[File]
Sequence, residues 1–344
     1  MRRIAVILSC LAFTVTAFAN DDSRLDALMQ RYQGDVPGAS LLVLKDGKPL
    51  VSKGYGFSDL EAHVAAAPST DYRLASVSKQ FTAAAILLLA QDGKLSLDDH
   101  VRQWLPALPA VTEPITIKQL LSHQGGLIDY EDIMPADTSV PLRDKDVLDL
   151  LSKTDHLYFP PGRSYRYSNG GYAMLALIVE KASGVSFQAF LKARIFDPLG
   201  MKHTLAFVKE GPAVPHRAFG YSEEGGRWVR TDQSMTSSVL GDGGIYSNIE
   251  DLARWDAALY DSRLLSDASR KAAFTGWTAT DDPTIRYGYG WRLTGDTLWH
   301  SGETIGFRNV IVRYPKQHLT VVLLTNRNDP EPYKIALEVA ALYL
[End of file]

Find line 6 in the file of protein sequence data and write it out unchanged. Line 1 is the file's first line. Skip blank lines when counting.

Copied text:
   201  MKHTLAFVKE GPAVPHRAFG YSEEGGRWVR TDQSMTSSVL GDGGIYSNIE